Liz Marshall, director of “Meat The Future”

by | Mar 30, 2022

Liz Marshall—a documentary director whose latest film, “Meat The Future,” examines the realm of “cultivated meat,” generated in a lab setting, from animal cells, but these animals remain unharmed—explains the criteria she considers when deciding what topic or person will constitute her next movie. More specifically, Marshall recounts how she started down the path of  “Meat The Future,” starting in 2016 after seeing a report about Dr. Uma Valeti and colleagues producing the now-famous $18,000 meatball—reflecting that they had mastered the technology to yield cultivated meat, but still faced a towering challenge: how to create far larger quantities of this meat, at far lower costs. These were very early days, but Marshall recalls that she followed her instinct, deciding right then that this saga, fronted by Valeti—a hotshot cardiologist who’d jettisoned his medical career to pursue this endeavor, fraught as it was with uncertainty—would form the core of her next film. What she didn’t realize then, she concedes, is that chronicling Valeti’s quintessential quest and that of his company Memphis Meats (since re-branded Upside Foods) would represent a more than five-year journey for her, ongoing even now, as she beats the drum for “Meat The Future” becoming available on demand April 5 in the U.S. “and selected territories” on Apple TV. She addresses the notable access that distinguishes her film, having carried the camera into important meetings, hearings and elsewhere you wouldn’t necessarily expect to see coverage. (She explains the notable access was brokered in a way by Bruce Friedrich, above, executive director of The Good Food Institute, featured in the film, but also friends with both Marshall and Valeti, and introduced them.)  Speaking of flipping expectations, Marshall acknowledges that as  “Meat The Future” unspools, some strange bedfellows emerge—for example, traditional meat producers like Cargill voice their support for Memphis Meats, while Cargill and Tyson Foods become investors. By contrast, representatives of cattle organizations convey a dim view of the whole enterprise, right down to objecting to the use of the word “meat.” [Photos: Meat The Future] (,,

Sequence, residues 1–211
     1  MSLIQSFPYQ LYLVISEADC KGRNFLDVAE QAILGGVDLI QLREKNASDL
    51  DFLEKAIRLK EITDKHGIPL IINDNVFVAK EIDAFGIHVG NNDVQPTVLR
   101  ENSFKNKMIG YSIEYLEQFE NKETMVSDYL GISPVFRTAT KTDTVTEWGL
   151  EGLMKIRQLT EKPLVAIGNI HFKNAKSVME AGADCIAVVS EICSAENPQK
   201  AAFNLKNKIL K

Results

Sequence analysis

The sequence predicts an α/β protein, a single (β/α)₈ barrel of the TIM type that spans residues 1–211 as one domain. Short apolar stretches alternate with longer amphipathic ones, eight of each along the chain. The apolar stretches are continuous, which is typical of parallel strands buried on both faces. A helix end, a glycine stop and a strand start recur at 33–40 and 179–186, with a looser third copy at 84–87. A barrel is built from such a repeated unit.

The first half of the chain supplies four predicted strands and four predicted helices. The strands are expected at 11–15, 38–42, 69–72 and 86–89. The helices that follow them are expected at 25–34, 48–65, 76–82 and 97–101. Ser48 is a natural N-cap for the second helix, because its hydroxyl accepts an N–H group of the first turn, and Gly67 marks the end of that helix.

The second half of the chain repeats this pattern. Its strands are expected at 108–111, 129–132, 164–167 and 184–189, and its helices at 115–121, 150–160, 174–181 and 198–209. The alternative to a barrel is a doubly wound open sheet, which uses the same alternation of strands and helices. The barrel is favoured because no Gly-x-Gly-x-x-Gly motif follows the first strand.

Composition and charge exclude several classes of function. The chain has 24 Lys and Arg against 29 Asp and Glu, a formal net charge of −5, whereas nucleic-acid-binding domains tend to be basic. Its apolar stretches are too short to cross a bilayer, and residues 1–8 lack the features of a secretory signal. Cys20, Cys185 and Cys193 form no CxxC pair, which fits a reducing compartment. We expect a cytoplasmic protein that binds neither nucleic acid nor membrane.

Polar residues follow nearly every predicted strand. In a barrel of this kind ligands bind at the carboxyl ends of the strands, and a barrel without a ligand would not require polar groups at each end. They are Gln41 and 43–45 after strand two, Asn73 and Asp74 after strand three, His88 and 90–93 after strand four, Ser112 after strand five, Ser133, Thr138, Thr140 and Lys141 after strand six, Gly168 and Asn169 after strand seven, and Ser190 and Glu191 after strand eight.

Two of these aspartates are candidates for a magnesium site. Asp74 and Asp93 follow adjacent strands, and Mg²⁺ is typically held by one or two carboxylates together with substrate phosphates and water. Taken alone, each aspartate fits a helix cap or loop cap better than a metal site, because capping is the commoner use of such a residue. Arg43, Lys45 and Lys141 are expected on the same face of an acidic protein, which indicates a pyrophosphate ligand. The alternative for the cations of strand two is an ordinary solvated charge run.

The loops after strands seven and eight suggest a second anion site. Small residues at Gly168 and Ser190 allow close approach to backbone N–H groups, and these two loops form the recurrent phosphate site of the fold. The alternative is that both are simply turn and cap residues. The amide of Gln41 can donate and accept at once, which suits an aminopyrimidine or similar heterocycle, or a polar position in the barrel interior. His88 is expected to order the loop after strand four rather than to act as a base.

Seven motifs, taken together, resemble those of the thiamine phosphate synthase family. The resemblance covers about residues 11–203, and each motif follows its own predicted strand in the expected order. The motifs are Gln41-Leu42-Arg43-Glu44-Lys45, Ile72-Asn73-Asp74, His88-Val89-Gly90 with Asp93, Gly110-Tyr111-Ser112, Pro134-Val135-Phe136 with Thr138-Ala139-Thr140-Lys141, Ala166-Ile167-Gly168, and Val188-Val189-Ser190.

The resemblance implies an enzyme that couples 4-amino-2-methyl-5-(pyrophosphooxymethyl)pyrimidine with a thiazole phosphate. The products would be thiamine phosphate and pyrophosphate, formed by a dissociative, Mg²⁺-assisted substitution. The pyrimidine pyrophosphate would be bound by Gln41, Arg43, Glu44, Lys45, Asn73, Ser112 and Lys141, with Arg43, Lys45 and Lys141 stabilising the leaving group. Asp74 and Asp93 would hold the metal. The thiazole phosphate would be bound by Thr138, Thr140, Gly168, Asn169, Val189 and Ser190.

ALSO: I spoke briefly with Eric Keaton, chief marketing officer at the SPCA Tampa Bay, which was slated on April 2 to hold its Annual Pet Walk—31st Annual Pet Walk, that is. Keaton outlines some SPCA Tampa Bay history, and what makes the shelter distinctive. He discusses the Pet Walk, including the weather-related and Covid-related challenges the event has faced in recent years. But good news for this year’s model: Keaton reports that, a few days beforehand, “several hundred” people have registered for the Walk, signaling strong support for this important SPCA Tampa Bay fundraiser, and the promise of more to come. Keaton mentions that, in addition to the battalion of canines participating in the Walk, his hope is that at least one pig will join them. He notes the day’s activities will include a pet costume contest. (,

COMEDY CORNER: Alex Edelman’s “Koko The Gorilla” (DS edit) (

MUSIC: Rebekah Pulley’s “Talking Animals Theme,” instrumentals

NAME THAT ANIMAL TUNE: Bob Marley’s “Buffalo Soldier”


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